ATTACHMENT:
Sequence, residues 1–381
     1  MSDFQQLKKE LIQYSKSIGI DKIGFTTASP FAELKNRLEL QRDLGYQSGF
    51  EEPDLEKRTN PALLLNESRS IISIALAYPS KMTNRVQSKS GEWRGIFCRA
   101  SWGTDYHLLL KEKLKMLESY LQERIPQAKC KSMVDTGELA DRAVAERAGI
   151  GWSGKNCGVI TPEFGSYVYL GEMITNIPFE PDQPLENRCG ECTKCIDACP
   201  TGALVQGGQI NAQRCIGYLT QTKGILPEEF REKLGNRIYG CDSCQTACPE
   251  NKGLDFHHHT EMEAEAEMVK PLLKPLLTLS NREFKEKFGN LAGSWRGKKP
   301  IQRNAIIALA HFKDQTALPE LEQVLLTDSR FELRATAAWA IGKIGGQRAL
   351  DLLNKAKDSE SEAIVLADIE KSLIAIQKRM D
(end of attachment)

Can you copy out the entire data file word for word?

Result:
Sequence, residues 1–381
     1  MSDFQQLKKE LIQYSKSIGI DKIGFTTASP FAELKNRLEL QRDLGYQSGF
    51  EEPDLEKRTN PALLLNESRS IISIALAYPS KMTNRVQSKS GEWRGIFCRA
   101  SWGTDYHLLL KEKLKMLESY LQERIPQAKC KSMVDTGELA DRAVAERAGI
   151  GWSGKNCGVI TPEFGSYVYL GEMITNIPFE PDQPLENRCG ECTKCIDACP
   201  TGALVQGGQI NAQRCIGYLT QTKGILPEEF REKLGNRIYG CDSCQTACPE
   251  NKGLDFHHHT EMEAEAEMVK PLLKPLLTLS NREFKEKFGN LAGSWRGKKP
   301  IQRNAIIALA HFKDQTALPE LEQVLLTDSR FELRATAAWA IGKIGGQRAL
   351  DLLNKAKDSE SEAIVLADIE KSLIAIQKRM D